what can happen when your Subaru key is stuck in the ignition and the battery dies?
It’s a common problem that many people face, but with some simple tips, you’ll be able to get it sorted out quickly and easily.
The first thing you should do if your car won’t start because of a dead battery or a stuck key is try to force the key out manually.
If this doesn’t work then don’t panic; there are other more technical steps you can take to sort it out without having to replace any parts.
In this article, I’ll share my knowledge on how to troubleshoot and fix this issue so keep reading!
Symptoms of Subaru Key Stuck In Ignition Battery Dead
When the battery of a Subaru vehicle dies or loses power, it can cause the key to become stuck in the ignition.
This issue can be frustrating and inconvenient, making it difficult to start the car or turn off the engine.
There are several symptoms that may indicate a key stuck in the ignition battery dead problem,
|Symptoms of Key Stuck in Ignition Battery Dead
|1. The key may not turn in the ignition switch or turn but not start the engine
|2. Clicking noise when attempting to start the car
|3. Dashboard lights may not illuminate or flicker/dim
|4. A key may be difficult to remove from the ignition switch
|5. Radio and other electronic accessories not working
|6. Power windows and door locks may not function properly
These issues can be addressed by having the battery checked and replaced if necessary.
It is important to regularly maintain the battery in your vehicle to avoid any unexpected issues with starting or operating your car.
Causes of Subaru Key Stuck In Ignition Battery Dead
If you are experiencing difficulty starting your Subaru or find that your key is getting stuck in the ignition, it could be due to a number of different causes.
Some of the most common causes include issues with the battery or electrical problems.
|1. Battery Failure
|A dead or weak battery can cause the key to get stuck and prevent the engine from starting.
|2. Ignition Switch Issues
|the ignition switch can prevent the engine from starting and cause the key to get stuck in the ignition.
|3. Faulty Starter Motor
|A faulty starter motor can cause the engine to not start and the key to get stuck in the ignition.
|4. Mechanical Problems
|Mechanical problems such as a damaged or worn-out key or problems with the steering column or shift lever can cause the key to get stuck.
|5. Electrical Issues
|Electrical issues such as a blown fuse or faulty relay can prevent the engine from starting and cause the key to get stuck in the ignition.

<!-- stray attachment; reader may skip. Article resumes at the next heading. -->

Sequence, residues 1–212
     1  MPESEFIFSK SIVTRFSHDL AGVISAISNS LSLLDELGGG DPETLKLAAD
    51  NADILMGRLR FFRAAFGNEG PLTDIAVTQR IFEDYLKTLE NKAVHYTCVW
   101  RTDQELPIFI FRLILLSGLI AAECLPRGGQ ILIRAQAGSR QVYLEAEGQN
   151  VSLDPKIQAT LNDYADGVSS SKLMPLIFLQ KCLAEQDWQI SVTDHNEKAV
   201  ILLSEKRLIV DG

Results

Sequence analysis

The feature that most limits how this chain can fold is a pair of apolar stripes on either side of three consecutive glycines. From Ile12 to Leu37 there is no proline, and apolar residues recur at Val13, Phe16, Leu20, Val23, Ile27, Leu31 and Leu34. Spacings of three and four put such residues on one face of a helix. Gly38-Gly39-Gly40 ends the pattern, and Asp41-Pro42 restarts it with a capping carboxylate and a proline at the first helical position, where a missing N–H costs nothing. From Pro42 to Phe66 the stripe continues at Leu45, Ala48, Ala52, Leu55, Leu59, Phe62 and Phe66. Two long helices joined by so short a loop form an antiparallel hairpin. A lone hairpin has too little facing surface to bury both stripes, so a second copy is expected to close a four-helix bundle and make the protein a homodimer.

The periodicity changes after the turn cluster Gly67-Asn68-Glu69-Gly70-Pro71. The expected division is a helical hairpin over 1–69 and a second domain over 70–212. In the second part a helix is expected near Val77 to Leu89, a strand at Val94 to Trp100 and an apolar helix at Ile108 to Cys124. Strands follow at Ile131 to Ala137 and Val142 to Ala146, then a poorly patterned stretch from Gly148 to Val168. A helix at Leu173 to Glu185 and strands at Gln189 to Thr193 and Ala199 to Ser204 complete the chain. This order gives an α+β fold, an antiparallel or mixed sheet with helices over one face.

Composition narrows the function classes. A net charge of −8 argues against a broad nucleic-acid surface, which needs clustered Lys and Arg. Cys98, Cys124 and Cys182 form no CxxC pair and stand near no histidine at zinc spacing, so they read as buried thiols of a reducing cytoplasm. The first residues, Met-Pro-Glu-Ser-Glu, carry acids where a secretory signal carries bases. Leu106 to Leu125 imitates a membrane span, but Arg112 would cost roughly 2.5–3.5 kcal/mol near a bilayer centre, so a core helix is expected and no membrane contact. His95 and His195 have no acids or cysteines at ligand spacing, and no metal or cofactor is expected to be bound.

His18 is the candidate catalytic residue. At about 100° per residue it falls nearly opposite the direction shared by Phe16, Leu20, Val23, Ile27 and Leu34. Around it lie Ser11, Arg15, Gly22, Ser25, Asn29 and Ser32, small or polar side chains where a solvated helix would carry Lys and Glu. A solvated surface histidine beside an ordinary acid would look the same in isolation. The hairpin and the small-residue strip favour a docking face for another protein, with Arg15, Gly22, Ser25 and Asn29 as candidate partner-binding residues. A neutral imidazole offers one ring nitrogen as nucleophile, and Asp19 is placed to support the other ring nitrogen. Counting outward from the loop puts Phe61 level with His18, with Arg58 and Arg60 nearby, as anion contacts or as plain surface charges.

These issues can be frustrating and even dangerous, as they can prevent you from starting your vehicle or cause it to stop running unexpectedly.
However, with proper maintenance and regular inspections, many of these issues can be prevented or addressed quickly and efficiently.
If you’re experiencing a problem with your Subaru key getting stuck in the ignition and a dead battery, there are a few troubleshooting tips that you can try before seeking professional assistance.
These tips may help you to identify and resolve the issue quickly and efficiently, saving you time and money.
Here are the following troubleshooting tips to keep in mind:
1. Check The Battery Connections:
If your Subaru key is stuck in the ignition, you will need to check the battery connections before jump-starting or bypassing the ignition.
Here are some steps I recommend taking:
|1. Check all of your cables for corrosion or lose connections
|Inspect all of your battery cables for any signs of corrosion, as well as any loose connections that may be present.
|2. Clean away any dirt that may be causing a poor connection
|Use a clean, dry cloth or a small brush to remove any dirt or debris that may be affecting the connection between cables.
|3. Tighten up any connections that seem to lose
|Use a wrench or pliers to tighten up any loose connections that may be present.
|4. Make sure that all of your battery posts are free from damage
|Inspect both the positive and negative posts for any signs of damage, including cracks, warping, or other issues.
|5. Inspect both the positive and negative posts for unexpected wear and tear
|Check both posts for any signs of wear or damage, such as discoloration or melting.
|6. If necessary, use sandpaper to clean off any corrosion build-up on either post
|Use a small piece of sandpaper or a wire brush to gently remove any corrosion build-up on the battery posts.
Once these checks have been done, you can move on to jumpstarting or bypassing the ignition with confidence.
With careful setup and maintenance of your car’s electrical system, it should keep running smoothly for years to come.
2. Replace The Ignition Switch:
it’s time to move on to replacing the ignition switch.